Tuesday, December 6, 2016

Ostersund 2016

       "One miss and good skis, I thought for sure a top 15 was doable." That was Tim commenting on the sprint race last Saturday in regards to finishing 29th and the standard the men's field had set that afternoon. It's nothing shy of hostile on the results list out there. Still, if you break down the numbers this has been one of the strongest starts to the season yet. I can't recall ever having a super result in Ostersund. Last week didn't prove otherwise, but the reasoning to stay optimistic is still alive.

        Ostersund's facility is enormousness. The stadium is surrounded by two large buildings and the smaller storage buildings are around every corner. It dwarfs other venues like the one here in Poklijuka, Slovenia or the two in northern Maine. The course has it's nice parts, but is far from my style. It's wide enough to have your own space and still closed in enough to feel like home. On the other hand the less than stable conditions and technical downhills bring it down a notch for me. The temps this year were on the warmer side compared to past experiences. The "feels like" temps were on the colder side with the humid wind always making an obnoxious appearance.

      The individual must have been an interesting one to watch because racing in it certainly was. I used the first loop as a chance to see how the corners were holding up after the early race seeds had been on it. The loop wasn't getting any worse. It was in that sugary deep form before the race started. One of the faster corners on the loop was surprisingly staying solid. Still, this wasn't enough to stop me from losing the skis from under my feet. I went down on the first loop in a section that you wouldn't want to lose speed on. I had hoped the loss of time was the only set back the fall had caused. Unfortunately, the rear side of my rifle's stock took on some damage. This was made clear during the set up for my first stage of prone. The now free moving and component missing stock didn't help with the already chaotic winds. The end result was a decent race that could have been much worse and also much better. With two races into the season I had yet to have a glitch free experience.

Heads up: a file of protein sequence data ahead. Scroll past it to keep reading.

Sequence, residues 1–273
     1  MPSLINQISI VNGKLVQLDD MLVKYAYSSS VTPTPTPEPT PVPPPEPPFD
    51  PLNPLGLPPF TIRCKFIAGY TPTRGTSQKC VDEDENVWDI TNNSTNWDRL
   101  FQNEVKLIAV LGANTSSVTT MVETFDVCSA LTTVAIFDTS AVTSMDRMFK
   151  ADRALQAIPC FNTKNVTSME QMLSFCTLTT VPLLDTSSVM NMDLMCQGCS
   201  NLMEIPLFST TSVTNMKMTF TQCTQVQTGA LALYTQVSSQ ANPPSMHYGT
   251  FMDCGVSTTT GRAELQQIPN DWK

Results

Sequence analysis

The sprint was actually a solid race. No falls, a fully repaired stock, and no MIA magazines. Even the wind took a break for our race. The result list post race wasn't what I was hoping for, but with so many athletes jostling for their own good result it's difficult to leave a mark. We're looking at about 80 athletes that are all capable of a top 40 fighting for the top 60 cut off. Skis felt fast. Our wax team did what they are good at. Energy was decent, sub perfect, but better than training season level. With no wind, shooting 2,1 (70%) wasn't good enough. Other years, my average was in the 50% range, with less than expected ski speed. So you can see why the break down holds promise despite not making the pursuit.

     Just when we all thought the level of the men's world cup field had reached it's peak, the sprint race in Ostersund proves otherwise. That didn't stop Tim and Lowell from a few top 15 results. I was about 15 seconds down from the those two in ski speed. With Ostersund over another chance for success is near. Everyone is in a good mood to see the sun blazing through the windows right now in Bled, Slovenia. All I can do is take the learning experience from last week and apply it to a new race this week. Keep the IBU site open on your browser this Friday!

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